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Less than five per cent of cyclists break traffic laws compared to 66 per cent of motorists, according to a report.
The study, by the Danish Road Directorate, was conducted by installing video cameras at major junctions in Danish cities, including Copenhagen.
Researchers - Behaviour - Cyclists - Intersections - Cities
The researchers analysed the behaviour of 28,579 cyclists crossing intersections in various large and small cities across the country.
They found that just 4.9 per cent broke the rules while on bicycle paths, while that number increased to 14 per cent when there were no designated paths present.
Findings - Government - Yesterday - Perception - Road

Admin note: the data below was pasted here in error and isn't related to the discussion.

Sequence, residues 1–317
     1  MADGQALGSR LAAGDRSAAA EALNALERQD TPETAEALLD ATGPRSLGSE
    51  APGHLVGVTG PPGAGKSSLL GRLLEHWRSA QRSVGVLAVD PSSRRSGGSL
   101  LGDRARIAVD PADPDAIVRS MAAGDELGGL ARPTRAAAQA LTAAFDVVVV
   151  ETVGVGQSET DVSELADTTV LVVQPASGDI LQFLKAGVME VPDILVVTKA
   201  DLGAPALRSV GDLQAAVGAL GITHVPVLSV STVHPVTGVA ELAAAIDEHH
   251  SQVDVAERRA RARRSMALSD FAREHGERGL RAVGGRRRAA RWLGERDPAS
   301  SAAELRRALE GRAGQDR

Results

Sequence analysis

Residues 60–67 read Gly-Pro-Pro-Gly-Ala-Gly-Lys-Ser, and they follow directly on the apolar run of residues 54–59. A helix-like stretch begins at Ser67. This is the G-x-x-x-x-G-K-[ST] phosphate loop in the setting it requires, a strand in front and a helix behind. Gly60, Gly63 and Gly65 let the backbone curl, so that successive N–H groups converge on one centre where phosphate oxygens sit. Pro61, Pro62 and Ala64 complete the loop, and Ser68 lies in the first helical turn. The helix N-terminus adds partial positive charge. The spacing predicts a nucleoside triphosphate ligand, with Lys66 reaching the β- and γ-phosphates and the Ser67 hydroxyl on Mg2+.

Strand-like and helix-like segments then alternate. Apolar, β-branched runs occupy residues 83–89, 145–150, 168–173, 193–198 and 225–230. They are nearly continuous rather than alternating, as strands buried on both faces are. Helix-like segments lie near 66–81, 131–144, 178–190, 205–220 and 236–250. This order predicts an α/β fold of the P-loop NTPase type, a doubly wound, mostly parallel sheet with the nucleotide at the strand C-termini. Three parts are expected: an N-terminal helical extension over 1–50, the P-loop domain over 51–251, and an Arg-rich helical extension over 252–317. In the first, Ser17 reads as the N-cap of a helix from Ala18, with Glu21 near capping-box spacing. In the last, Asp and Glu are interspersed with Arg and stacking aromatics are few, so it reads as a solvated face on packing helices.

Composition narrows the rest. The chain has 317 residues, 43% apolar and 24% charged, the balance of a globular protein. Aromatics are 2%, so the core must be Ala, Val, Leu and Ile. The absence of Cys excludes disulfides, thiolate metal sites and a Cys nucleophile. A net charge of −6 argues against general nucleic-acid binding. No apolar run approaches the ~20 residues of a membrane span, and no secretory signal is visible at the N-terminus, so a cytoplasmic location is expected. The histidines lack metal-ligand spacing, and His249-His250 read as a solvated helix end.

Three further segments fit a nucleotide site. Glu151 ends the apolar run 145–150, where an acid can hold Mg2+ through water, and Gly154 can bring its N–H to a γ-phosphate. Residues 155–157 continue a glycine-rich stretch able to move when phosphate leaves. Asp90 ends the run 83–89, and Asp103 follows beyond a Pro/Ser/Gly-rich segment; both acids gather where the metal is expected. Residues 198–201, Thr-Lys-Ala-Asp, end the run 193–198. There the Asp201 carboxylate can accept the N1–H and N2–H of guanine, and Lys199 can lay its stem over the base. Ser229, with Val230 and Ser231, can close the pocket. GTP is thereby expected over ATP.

The findings, published by the Danish government yesterday, directly contradict the popular perception held by many that cyclists frequently break road safety laws.
The study's researchers found that the vast majority of offences were committed by cyclists turning to the right, but at little risk of colliding with other road users.
Foot - Path - Transgression - Cyclists
Cycling on the foot path was the second most frequently observed transgression by cyclists.
In smaller cities with less cycle paths, cyclists breaking the rules were twice as numerous, suggesting that installing this infrastructure is a good way to encourage law-abiding behaviour.
Town - Cyclists - Rules
They found that the smaller the town, the more the cyclists broke the rules.
This is because 'there is less traffic and more manageable traffic conditions in the provincial...
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